Also worth noting is President George W. Bush’s recollection in his 2010 book, Decision Points, (p.236) the following historical fact:
“As a condition for ending hostilities in the Gulf War,” (Operation Desert Storm, 1991), “UN Resolution 687 required Saddam to destroy his weapons of mass destruction and missiles with a range of more than ninety miles. The resolution banned
possessing biological, chemical, or nuclear weapons, or the means to produce
them.” (My underlining.)
And further on, Bush continues: “Over time UN inspectors discovered a vast, haunting arsenal. Saddam had filled thousands of bombs, shells, and warheads with chemical agents. He had a nuclear weapons program that was about two years from yielding a bomb, much closer than the CIA’s prewar estimate of eight to ten years. When his son-in-law defected in 1995, Saddam acknowledged that the regime had been hiding a biological weapons program that included anthrax and botulinum toxin.”
Finally, it may be recalled that, considerably after the invasion, American forces found tons of “yellow cake,” an important ingredient in nuclear bombs, stashed away in secret Iraqui facilities. That news received barely a whisper in the print and electronic media. (However, a plausible explanation has been offered, namely that the U.S. Government wanted it kept secret lest it fall into the hands of other terrorists before arriving in
Canada. It had been sold, if I remember correctly,
to Canadian interests.) So the glib (if
popular) assertion that Iraq
“had no WMD” is a seriously flawed conclusion.
And as the sole justification for the claim that the invasion was wrong
it is a little like claiming that one should not shoot at pack of charging, foaming-at-the-mouth
pit bulls, before proving to a PETA committee that its members have rabies.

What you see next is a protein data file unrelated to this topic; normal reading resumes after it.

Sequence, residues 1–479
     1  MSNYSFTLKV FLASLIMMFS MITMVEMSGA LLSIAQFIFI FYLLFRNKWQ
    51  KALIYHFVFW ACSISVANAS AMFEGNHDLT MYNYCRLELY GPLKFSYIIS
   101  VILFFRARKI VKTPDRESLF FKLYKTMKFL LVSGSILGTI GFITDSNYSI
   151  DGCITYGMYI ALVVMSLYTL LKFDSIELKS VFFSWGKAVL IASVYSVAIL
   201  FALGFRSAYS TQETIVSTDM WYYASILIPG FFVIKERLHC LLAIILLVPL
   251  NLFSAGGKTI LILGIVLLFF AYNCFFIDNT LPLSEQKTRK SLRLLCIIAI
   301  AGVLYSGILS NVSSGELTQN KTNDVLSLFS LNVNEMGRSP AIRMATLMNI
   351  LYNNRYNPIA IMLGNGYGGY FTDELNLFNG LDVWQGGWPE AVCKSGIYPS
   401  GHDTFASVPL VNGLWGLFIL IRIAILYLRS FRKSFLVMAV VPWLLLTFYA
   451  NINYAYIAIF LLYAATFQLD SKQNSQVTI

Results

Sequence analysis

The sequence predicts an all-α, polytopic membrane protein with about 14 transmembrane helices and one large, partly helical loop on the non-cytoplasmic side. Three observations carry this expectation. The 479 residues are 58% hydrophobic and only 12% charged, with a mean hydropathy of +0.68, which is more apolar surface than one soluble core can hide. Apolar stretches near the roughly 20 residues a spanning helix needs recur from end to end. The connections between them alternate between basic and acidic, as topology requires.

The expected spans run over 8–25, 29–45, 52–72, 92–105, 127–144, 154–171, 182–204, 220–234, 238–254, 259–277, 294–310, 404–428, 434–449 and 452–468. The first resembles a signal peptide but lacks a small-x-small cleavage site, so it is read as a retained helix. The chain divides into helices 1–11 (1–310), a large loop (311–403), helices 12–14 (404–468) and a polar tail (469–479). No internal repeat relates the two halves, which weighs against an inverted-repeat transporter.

The foregoing is not to imply that this observer would definitely have made the decision to invade
Iraq in 2003. In fact, he had grave misgivings about the
decision. Moreover, many honorable men
and women fiercely opposed it for reasons grounded solidly in all the information
available to them. All honor to
them. In my own judgment, President
Bush’s decision too was made for reasons rooted in facts, logic, seriously
drawn inferences, compassion and his sense of duty and responsibility. Right or
wrong in the end, this is the way decisions should be made, and after-the-fact
over-simplifications such as, “it was a mistake because they had no WMD” does
not educate, illuminate the path to understanding, and does not merit much
Still, it seems to be the assertion of choice for journalists, politicians and religiously partisan citizens who wish to denigrate President Bush. Such is the way, sadly, of politics. None of what is written here is new information. But with presidential campaigns on the threshold, the writer hopes it will remind people of good will to keep their “horse feathers” detectors on high alert. (Dr. Skogstad is a retired professor of economics, a blog reader and contributor and a brother Marine. ~Bob)